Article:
Bacterial infection linked to rat urine in NYC

A cluster of cases of a rare bacterial infection that is spread by contact with rat urine has killed one person and sickened two others in the Bronx.  The infection can develop into an illness that affects the victim's kidneys and liver.

The New York City Health Department says all of the cases are linked to one block in the Concourse area of the borough.  While one person has died, the other two have recovered and are doing well, according to health officials.

Leptospirosis is a bacterial infection that is most commonly spread by contact with rat urine and is very rarely spread from person to person.

The illness can be serious but is treatable with readily available antibiotics.  Two patients in the outbreak were diagnosed in December and one in February.

This is the first cluster ever identified in New York City.  The block is home to four schools, two elementary schools, one middle school, and one high school.  City officials say they have passed inspections and there is no signs of rodents inside the schools.

The Health Department says it is taking immediate measures to reduce the rat population in the area.  It says it is also trying to educate people who live in the area about precautions, signs, and treatment.

In December, inspectors issued multiple violations for ‘harborage’ conditions at 750 Grand Concourse (on both the exterior and interior of the building) and ordered the building’s landlord to immediately remediate the basement and affected apartments.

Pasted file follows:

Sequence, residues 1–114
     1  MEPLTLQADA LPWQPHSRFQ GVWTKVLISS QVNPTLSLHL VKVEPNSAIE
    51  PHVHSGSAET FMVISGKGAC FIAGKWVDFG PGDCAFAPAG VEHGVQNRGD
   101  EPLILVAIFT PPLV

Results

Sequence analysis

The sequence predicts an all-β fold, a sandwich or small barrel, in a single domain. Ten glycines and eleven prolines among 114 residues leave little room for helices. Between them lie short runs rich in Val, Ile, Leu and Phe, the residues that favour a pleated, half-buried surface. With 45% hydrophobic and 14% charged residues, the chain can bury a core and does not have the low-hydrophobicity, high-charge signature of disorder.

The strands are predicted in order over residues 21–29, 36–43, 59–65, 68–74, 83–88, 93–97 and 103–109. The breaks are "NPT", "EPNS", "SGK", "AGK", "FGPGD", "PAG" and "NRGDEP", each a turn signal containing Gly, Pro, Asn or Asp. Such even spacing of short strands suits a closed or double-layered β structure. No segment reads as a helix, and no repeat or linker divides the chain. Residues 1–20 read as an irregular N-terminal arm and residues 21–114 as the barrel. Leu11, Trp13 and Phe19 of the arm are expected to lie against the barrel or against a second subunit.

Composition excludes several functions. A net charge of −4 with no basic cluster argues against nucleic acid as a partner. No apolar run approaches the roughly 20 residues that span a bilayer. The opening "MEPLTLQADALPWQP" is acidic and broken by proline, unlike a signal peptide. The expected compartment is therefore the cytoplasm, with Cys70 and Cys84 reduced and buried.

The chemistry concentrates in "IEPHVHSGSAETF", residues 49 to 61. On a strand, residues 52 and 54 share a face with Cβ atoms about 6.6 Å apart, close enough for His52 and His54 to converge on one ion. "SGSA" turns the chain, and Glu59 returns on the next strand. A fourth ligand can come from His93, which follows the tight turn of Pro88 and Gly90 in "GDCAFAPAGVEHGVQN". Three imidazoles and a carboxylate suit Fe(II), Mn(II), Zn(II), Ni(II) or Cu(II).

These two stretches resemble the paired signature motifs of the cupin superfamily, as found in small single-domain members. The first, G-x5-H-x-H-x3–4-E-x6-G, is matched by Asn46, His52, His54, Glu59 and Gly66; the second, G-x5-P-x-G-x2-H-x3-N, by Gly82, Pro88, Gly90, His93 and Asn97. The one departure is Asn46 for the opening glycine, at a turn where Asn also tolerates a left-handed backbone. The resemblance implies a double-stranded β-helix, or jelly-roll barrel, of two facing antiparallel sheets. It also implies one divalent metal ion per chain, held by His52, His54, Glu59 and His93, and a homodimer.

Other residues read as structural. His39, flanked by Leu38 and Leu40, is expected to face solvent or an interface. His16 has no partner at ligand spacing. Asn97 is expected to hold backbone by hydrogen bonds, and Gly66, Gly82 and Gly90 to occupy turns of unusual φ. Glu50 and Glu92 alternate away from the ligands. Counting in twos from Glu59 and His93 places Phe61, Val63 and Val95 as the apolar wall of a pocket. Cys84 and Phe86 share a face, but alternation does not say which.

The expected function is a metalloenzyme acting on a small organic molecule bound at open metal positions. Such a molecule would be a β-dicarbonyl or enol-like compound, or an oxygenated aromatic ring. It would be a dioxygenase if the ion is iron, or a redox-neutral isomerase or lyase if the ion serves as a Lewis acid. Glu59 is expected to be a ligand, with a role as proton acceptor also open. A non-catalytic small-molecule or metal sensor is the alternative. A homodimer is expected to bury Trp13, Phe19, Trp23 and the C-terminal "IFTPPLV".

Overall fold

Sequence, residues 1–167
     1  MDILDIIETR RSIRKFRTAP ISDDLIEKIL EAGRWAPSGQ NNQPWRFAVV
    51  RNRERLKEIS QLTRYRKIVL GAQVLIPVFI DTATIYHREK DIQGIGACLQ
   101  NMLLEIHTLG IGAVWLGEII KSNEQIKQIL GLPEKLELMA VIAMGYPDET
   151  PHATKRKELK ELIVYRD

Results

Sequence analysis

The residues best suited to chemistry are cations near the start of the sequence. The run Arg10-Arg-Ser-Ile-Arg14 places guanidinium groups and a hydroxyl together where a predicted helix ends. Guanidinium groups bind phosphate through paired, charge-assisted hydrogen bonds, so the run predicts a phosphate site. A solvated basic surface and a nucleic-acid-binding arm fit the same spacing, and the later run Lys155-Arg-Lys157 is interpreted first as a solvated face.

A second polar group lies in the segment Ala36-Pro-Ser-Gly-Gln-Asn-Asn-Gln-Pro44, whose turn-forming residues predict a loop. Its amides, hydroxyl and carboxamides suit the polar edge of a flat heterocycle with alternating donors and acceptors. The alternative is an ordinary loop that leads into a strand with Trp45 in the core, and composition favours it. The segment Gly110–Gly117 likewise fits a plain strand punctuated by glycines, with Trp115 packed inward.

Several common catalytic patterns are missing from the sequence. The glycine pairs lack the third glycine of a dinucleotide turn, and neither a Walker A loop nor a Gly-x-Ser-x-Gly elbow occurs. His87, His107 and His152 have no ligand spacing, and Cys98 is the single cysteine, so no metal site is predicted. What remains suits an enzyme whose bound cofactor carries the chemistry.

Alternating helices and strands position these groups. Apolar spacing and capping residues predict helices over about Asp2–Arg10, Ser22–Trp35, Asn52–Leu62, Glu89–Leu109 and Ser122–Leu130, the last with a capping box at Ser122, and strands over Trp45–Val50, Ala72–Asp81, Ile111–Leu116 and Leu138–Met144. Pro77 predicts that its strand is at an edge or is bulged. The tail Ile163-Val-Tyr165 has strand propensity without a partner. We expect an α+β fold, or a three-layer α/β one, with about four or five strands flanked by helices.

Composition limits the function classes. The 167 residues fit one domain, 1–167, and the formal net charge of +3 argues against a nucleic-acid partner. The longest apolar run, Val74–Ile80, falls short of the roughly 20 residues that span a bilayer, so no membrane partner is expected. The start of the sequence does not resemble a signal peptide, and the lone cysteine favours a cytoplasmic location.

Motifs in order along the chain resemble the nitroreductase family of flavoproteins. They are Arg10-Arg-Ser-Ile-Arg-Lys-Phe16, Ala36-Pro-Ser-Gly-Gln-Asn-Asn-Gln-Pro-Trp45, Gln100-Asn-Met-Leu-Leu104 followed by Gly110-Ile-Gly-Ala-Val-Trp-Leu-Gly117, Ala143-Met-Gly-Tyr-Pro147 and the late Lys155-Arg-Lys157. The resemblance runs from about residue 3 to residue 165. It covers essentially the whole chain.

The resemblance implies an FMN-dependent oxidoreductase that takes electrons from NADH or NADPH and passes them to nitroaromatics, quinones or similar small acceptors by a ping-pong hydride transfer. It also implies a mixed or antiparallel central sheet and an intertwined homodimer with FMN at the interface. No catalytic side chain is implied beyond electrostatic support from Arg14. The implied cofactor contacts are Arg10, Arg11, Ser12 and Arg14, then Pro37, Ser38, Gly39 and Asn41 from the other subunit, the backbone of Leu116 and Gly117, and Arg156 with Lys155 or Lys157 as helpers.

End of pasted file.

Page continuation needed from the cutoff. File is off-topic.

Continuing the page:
On Monday, February 13, after the third case of Leptospirosis was confirmed at that address crews started to immediately bait the basement of the building. The two other cases occurred in persons who were not residents, but spent significant time on that block, but not in the building.

The city says there are 79 open violations at the building and one information order.  There are also 25 open construction code violations dating back to 2004 at the building in question.

Officials say that none of the victims were bitten by rats.  The bacteria enter the body through open wounds and cuts in the skin or through the eyes, nose or mouth.

Leptospirosis is considered extremely rare in the city.  There are typically one to three cases a year and there have only been 26 cases since 2006 and one prior death.

Health officials warn to avoid contact with rats or with places where rats may have urinated.  They also recommend washing hands thoroughly with soap and water after any contact with areas where rats may live.

A meeting was planned for Wednesday night for tenets of the building.  The city said masks would be distributed for anyone to wear when going into the building's basement.